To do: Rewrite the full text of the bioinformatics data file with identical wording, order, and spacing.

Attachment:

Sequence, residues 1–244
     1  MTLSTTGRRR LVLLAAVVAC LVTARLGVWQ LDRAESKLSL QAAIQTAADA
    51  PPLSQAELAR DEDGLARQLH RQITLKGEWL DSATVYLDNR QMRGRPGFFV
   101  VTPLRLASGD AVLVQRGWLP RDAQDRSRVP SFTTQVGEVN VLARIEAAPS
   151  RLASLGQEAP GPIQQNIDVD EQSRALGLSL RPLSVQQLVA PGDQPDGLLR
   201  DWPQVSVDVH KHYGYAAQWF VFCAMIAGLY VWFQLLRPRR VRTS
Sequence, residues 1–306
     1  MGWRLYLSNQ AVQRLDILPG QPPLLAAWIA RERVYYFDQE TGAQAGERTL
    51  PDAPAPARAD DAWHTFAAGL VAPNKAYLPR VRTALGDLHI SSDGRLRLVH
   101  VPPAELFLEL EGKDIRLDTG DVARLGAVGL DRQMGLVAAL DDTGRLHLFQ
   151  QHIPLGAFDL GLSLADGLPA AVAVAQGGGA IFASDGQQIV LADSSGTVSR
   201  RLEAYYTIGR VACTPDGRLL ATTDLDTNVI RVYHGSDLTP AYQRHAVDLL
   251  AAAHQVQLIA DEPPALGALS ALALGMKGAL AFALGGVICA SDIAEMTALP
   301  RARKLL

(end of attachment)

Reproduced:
Sequence, residues 1–244
     1  MTLSTTGRRR LVLLAAVVAC LVTARLGVWQ LDRAESKLSL QAAIQTAADA
    51  PPLSQAELAR DEDGLARQLH RQITLKGEWL DSATVYLDNR QMRGRPGFFV
   101  VTPLRLASGD AVLVQRGWLP RDAQDRSRVP SFTTQVGEVN VLARIEAAPS
   151  RLASLGQEAP GPIQQNIDVD EQSRALGLSL RPLSVQQLVA PGDQPDGLLR
   201  DWPQVSVDVH KHYGYAAQWF VFCAMIAGLY VWFQLLRPRR VRTS
Sequence, residues 1–306
     1  MGWRLYLSNQ AVQRLDILPG QPPLLAAWIA RERVYYFDQE TGAQAGERTL
    51  PDAPAPARAD DAWHTFAAGL VAPNKAYLPR VRTALGDLHI SSDGRLRLVH
   101  VPPAELFLEL EGKDIRLDTG DVARLGAVGL DRQMGLVAAL DDTGRLHLFQ
   151  QHIPLGAFDL GLSLADGLPA AVAVAQGGGA IFASDGQQIV LADSSGTVSR
   201  RLEAYYTIGR VACTPDGRLL ATTDLDTNVI RVYHGSDLTP AYQRHAVDLL
   251  AAAHQVQLIA DEPPALGALS ALALGMKGAL AFALGGVICA SDIAEMTALP
   301  RARKLL